The joys of a bank holiday weekend meant I got lots of quality time with the dirty dastardly Victorians of Fingersmith. I thoroughly enjoyed the first half to two-thirds of it, but found myself losing steam towards the end as it seemed to just go on and on and on.
Susan Trinder is raised to be unusually naive for an orphan in a den of thieves, coddled by her surrogate mother, Mrs Sucksby. Nonetheless, she is persuaded to be part of a long con when ambitious shyster Gentleman conceives a plan to defraud an even more naive heiress, Maud Lilly. Sue takes a position as Maud's maid and the two girls become unexpectedly close - much to Gentleman's amusement - but not enough to stop the thieves going through with their plan to marry Maud off to Gentleman and then lock her up in an asylum. When it becomes clear that everyone is conning everyone else and nobody can be trusted, the girls each find themselves alone in untenable situations.
Given this is a tale about trickery and a plot to lock up an innocent and entirely sane young lady in an asylum in order to steal her money, it is about as dark as you would expect. The thieves are unpleasant, the gentlefolk even more so, and the principal characters as amoral and self-interested as the rest. It remains entertaining, tripping along as it oscillates between the two girls' points of view, until the daring asylum escape.
Once both girls are in London, I felt the novel lost its way a bit, becoming too melodramatic and drawn out (as evidenced by the amount of pages left after the climax). Waters is perhaps more interested in the psychology and moods of her protagonists than she managed to make me be - I think she was trying to stop it looking like Sue had an abrupt change of heart towards the end, which is reasonable, but I also think only needed to go through the contortions because she over-complicated her plot towards the end.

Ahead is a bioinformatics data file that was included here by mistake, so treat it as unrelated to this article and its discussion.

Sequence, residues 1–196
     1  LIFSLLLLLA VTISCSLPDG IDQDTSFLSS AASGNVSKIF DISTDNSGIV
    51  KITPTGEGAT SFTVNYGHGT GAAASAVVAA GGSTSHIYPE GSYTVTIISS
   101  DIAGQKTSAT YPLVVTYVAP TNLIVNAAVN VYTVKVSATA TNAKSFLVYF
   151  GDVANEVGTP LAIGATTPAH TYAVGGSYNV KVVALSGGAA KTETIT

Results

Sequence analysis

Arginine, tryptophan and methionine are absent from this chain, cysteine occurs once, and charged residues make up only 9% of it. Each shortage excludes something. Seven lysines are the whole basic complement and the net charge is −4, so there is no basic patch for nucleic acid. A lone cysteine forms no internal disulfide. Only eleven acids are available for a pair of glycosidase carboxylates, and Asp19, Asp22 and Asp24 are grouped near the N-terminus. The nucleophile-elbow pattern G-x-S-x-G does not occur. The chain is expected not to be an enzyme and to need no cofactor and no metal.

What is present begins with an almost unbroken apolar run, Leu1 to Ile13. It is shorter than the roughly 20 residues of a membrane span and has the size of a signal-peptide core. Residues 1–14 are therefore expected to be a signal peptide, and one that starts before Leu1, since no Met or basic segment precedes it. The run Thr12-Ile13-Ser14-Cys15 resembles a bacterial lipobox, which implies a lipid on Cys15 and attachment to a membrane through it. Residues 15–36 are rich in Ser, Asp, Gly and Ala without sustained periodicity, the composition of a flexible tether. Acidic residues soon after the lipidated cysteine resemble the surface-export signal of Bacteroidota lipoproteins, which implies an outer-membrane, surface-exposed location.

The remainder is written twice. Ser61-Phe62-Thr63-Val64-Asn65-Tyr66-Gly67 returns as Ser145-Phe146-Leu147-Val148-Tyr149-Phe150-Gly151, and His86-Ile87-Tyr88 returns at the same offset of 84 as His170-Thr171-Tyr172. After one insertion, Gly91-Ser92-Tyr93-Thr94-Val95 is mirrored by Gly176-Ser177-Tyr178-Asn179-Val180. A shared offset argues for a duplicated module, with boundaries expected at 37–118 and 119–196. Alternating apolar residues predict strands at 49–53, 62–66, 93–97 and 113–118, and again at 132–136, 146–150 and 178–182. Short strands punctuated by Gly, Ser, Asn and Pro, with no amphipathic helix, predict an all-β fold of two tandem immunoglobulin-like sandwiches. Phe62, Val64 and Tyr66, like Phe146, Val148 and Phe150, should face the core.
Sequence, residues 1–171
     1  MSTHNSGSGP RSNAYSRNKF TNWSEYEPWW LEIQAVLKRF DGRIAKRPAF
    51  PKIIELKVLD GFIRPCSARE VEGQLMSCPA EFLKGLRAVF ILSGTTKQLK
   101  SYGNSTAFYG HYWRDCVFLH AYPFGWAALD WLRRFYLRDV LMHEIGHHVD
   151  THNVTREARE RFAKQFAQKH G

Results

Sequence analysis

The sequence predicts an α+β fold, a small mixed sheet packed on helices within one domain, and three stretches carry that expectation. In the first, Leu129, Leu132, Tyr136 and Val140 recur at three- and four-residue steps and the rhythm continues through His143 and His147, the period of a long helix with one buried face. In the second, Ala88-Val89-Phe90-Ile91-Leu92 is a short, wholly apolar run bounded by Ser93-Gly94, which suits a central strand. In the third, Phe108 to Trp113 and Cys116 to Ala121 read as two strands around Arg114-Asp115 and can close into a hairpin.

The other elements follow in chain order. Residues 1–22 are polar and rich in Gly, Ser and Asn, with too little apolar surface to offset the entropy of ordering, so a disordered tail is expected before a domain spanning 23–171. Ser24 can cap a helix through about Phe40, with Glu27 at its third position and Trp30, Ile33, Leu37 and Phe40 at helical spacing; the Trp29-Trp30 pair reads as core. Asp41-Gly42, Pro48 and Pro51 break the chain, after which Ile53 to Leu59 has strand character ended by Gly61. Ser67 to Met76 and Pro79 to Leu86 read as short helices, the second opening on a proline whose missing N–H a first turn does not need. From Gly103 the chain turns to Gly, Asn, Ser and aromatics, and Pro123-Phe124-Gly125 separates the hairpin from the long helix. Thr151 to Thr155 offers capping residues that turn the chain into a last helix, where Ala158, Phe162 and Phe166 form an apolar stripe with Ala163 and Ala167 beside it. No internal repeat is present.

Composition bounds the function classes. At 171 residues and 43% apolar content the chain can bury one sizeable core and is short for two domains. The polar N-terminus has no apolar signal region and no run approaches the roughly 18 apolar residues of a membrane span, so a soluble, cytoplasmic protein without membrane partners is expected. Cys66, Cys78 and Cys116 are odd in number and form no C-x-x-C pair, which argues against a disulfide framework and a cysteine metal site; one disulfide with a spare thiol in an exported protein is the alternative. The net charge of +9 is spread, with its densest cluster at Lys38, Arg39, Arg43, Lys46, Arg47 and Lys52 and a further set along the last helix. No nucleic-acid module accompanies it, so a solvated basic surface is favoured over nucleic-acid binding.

Nonetheless - well-written as usual, well-researched, horrific in its depictions of the Victorian asylum, and a lot of fun.
I really enjoyed most of this, but have read the very end with a burgeoning cold, which has left me rather meh at the end - I'm fairly sure this is my head rather than the novel (although I understand some other reviewers have shared my problem, so perhaps not).
The book has received criticism for its handling of race and gender, which it largely deserves (I'd say more so with regard to gender issues, but as I'm a privileged white western woman I accept this may be part of my bias). I'm not going to defend the author or novel - I picked it up knowing it was problematic, and it is.